DRAFT

The Prospects for International Adjudication:
A Roundtable Discussion on Legal and Policy Issues Arising from
the Emerging "Market" in International Courts and Tribunals

Organised by:

The Project on International Courts and Tribunals
Herbert Smith
Matrix Chambers

Tuesday 25 July

A Roundtable discussion was held on Tuesday 25 July 2000 as a side event to the International Law Association (ILA) 2000 conference at the Barbican Conference London. The aim of the session was to consider, in an informal setting, current issues and challenges posed by the recent increase in international courts and tribunals and their caseload.. This note highlights some of the main issues raised by the Roundtable participants, with a view to identifying possible areas for future work by the ILA in this area.

The three main areas for discussion were:

(1) relationships between international tribunals, and between international tribunals and national courts;

(2) procedural issues, including access to international courts and tribunals and rules of professional conduct as applicable to the international bar and bench; and

(3) evidentiary issues before international courts and tribunals.

1. Relationship between international courts and tribunals and between international and national courts

With regard to the relationship between the various international courts and tribunals, a number of challenging issues were raised including:

  • Jurisdiction: lis pendens
  • Forum shopping
  • Multiple cases before various tribunals arising out of the same set of facts (e.g. disintegration of the former Yugoslavia) - in particular where those actions involve difference actors, e.g. individuals (as plaintiffs in human rights cases or defendants in proceedings before international criminal tribunals) and states.
  • Cross-fertilisation of legal precedent
  • Related evidentiary issues - standards of evidence; treatment of findings of fact of another tribunals - res judicata
  • Coherence of international law

2. Procedural issues

In relation to access to international courts and tribunals, discussion focused on the issue of interventions by non-state actors before international courts and tribunals. A brief review of existing rules and practice highlighted that these vary widely between the various international courts and tribunals. The range of rights of access may include formal rights of third party intervention, the submission of amicus curiae briefs (often requiring the leave of the tribunal), or the informal submission of information and materials to the tribunal. The existence, nature and extent of access tend to depend, inter alia, on:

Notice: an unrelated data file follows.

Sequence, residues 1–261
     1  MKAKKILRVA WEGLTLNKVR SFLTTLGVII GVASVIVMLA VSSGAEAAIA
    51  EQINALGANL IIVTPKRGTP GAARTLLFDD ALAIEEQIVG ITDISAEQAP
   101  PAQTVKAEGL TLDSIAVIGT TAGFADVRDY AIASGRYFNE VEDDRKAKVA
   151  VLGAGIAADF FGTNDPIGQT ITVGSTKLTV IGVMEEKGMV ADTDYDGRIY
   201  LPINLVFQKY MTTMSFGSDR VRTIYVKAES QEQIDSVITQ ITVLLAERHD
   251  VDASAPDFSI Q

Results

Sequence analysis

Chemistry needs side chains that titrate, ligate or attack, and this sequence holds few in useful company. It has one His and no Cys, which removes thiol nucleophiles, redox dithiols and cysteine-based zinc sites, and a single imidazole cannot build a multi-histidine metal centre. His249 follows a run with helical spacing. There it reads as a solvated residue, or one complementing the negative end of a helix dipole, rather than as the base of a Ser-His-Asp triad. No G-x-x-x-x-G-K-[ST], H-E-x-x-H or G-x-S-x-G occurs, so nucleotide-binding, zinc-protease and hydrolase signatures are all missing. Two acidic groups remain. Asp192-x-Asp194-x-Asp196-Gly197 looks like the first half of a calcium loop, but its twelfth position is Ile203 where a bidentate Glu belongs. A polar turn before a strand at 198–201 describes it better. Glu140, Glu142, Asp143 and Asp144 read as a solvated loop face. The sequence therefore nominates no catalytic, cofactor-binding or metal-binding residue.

• The nature of the proceedings/tribunal (e.g. arbitration cf. human rights)
  • The actors involved (e.g. state parties; NGOs; individuals)

It was suggested that this was an issue which the ILA might usefully consider further. For example, if extended rights to submit amicus interventions are to be permitted, then some degree of regulation may be desirable, addressing issues such as:

  • Availability of documents
  • Right to make oral arguments
  • Extent to which tribunals should address issues and arguments raised by an amicus
  • Circumstances in which leave to intervene as amicus may be granted
  • Time limits for interventions
  • Nature of permitted interventions

Time constraints did not permit detailed consideration of professional conduct issues arising in relation to international courts and tribunals.

3. Evidentiary issues

The question of evidence before international tribunals was raised in the light of the increased number and caseload of international tribunals, and the trend for international tribunals to be called upon increasingly to make findings of fact as well as law. The scientific and technical nature of much of the evidence before international tribunals was also mentioned. It was generally recognised that evidentiary rules of international courts and tribunals are flexible and that rigid universally applicable rules may not be desirable. The variety of international tribunals, and the types of evidence with which they are faced, was highlighted. Nonetheless, participants did note the need to consider evidentiary issues in more depth, and, in particular, to address the question of how far facts determined under the rules of evidence of one international tribunal could be relied upon in another.